Casey Stoner is to continue as test rider for Honda in 2014. The Australian double world champion will once again take the track to help develop Honda’s RC213V during the 2014 season, according to British publication MCN.
Stoner took up his role as test rider in the middle of 2013, after HRC’s regular test rider Kousuke Akiyoshi broke his femur at a Japanese Superbike round. The Australian worked on the 2013 RC213V, as well as a rain-shortened test on Honda’s RCV1000R production racer.
According to the report on MCN, Stoner’s testing schedule for 2014 has yet to be fixed. It appears that Stoner will not be present at the special tire test put on by Bridgestone at Phillip Island, which all three factory teams will attend, but he will take on further testing duties at Motegi later in the season.
If Stoner does miss the Phillip Island test, it would deprive fans of a chance to directly compare his lap times with those of current Honda riders Marc Marquez and Dani Pedrosa.
Stoner’s continuing role as a test rider will once again fuel speculation he could make a return to racing again full time at some point. Various extremely well-informed sources in Spain insist that Honda are preparing for a possible return with the Australian at an indeterminate point in the future.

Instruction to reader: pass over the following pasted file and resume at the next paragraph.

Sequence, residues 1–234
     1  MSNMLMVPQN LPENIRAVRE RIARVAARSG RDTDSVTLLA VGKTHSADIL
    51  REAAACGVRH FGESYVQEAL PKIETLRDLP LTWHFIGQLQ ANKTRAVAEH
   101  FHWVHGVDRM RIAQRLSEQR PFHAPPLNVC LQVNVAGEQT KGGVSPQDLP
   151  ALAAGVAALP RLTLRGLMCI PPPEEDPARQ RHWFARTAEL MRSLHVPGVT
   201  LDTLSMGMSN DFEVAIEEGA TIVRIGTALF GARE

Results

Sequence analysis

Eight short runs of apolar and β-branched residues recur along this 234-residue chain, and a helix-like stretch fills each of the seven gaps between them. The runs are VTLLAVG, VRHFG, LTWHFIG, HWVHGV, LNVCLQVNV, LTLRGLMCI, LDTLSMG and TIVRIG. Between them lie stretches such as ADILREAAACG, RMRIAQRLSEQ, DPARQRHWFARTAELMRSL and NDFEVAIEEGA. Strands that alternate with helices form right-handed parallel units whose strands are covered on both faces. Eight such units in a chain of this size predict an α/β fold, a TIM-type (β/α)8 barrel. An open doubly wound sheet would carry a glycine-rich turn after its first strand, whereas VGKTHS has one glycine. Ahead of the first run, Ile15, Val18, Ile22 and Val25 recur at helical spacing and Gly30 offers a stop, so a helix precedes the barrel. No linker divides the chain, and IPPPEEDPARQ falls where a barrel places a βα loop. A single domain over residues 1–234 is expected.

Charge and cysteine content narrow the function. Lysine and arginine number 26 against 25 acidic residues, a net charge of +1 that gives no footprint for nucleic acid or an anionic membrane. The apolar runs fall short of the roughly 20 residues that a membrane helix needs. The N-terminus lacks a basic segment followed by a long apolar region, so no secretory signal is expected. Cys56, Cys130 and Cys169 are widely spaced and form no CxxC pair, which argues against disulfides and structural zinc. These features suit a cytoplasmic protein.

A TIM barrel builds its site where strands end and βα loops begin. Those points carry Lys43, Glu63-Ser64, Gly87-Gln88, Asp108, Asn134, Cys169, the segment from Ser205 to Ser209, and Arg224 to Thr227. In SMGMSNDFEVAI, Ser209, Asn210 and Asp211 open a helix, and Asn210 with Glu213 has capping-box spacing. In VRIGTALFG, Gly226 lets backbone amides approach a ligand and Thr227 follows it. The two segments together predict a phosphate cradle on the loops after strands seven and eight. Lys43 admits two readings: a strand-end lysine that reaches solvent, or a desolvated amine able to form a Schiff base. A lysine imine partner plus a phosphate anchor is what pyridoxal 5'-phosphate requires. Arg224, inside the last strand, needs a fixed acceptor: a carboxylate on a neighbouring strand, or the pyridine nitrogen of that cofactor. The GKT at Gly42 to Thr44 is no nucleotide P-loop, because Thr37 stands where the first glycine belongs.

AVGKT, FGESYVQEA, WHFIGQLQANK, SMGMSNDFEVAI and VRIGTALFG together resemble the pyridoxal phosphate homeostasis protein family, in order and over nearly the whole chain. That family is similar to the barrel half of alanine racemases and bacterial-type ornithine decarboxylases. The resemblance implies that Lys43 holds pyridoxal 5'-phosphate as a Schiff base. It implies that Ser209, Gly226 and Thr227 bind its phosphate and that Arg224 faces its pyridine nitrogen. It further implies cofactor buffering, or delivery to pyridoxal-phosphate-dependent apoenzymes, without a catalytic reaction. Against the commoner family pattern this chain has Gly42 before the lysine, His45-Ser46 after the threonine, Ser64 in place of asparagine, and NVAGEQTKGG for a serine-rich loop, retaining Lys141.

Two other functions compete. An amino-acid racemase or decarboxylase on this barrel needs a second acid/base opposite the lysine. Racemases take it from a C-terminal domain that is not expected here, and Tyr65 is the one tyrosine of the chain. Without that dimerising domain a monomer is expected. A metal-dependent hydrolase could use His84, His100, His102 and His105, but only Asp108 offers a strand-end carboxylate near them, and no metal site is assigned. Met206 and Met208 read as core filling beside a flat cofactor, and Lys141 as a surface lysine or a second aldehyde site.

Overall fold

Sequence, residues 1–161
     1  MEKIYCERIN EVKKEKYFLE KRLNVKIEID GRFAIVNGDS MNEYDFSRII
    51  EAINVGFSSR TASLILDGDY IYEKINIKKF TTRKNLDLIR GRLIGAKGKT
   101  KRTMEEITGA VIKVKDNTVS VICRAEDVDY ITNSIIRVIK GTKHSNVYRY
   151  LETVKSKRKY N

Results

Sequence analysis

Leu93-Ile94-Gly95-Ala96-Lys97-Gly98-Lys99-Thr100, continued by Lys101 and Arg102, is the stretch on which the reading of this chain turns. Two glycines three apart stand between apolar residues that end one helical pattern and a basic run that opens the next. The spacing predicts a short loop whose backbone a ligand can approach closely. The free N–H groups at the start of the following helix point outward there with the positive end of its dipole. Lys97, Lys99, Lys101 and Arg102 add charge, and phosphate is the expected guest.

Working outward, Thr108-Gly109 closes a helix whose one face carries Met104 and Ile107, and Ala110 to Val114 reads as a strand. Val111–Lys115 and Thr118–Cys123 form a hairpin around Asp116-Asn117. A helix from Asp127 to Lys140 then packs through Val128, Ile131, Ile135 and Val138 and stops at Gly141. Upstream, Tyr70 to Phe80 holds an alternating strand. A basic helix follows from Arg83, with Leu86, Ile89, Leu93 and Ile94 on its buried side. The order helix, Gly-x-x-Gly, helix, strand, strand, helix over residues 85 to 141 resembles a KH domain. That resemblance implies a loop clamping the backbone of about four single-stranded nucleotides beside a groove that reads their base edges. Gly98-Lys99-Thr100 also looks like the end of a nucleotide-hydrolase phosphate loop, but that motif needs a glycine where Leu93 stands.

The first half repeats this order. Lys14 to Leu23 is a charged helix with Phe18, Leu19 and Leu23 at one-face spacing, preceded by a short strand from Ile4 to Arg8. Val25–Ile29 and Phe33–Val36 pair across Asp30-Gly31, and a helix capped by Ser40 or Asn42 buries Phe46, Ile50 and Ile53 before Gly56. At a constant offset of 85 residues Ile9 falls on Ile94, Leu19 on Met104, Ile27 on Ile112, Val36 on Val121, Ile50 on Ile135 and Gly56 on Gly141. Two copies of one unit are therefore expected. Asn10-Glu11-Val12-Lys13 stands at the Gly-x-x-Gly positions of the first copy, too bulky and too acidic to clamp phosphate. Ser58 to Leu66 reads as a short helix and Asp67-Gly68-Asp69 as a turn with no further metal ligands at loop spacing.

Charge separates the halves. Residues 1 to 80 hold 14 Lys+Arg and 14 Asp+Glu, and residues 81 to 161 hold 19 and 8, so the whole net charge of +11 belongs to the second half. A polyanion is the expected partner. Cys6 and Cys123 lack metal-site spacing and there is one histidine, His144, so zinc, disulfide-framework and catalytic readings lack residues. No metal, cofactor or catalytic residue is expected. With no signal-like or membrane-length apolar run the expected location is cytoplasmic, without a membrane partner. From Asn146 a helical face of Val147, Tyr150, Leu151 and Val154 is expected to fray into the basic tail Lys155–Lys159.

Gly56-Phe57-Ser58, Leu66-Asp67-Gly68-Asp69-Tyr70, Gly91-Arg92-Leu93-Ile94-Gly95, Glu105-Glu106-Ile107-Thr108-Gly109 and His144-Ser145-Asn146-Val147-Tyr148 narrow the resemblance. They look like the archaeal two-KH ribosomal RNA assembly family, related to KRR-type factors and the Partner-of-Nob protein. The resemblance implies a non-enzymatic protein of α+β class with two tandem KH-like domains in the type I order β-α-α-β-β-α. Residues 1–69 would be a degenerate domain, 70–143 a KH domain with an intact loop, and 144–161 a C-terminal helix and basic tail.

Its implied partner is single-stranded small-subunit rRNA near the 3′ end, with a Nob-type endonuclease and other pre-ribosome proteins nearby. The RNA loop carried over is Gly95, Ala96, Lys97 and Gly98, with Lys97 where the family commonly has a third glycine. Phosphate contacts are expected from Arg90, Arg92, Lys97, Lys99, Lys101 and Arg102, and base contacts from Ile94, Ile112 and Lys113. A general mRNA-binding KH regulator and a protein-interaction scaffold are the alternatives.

However, sources close to Stoner himself insist that the Australian has no intention whatsoever of coming back to race in MotoGP, and is still happy with his decision to quit. In an interview with the BBC in October, Stoner said he was more and more convinced he’d made the right decision.
Each year that passes makes it more difficult for Stoner to return. The keen edge developed by actually racing a MotoGP bike is quickly lost when not racing. Furthermore, Stoner will be 29 at the start of the 2015 season, and would be facing a 22-year-old Marquez with two years of experience under his belt.
That will not stop the speculation that he could return, but given his continued denials, the odds of a return seem impossibly remote.
Source: MCN; Photo: HRC
This article was originally published on MotoMatters, and is republished here on Asphalt & Rubber with permission by the author.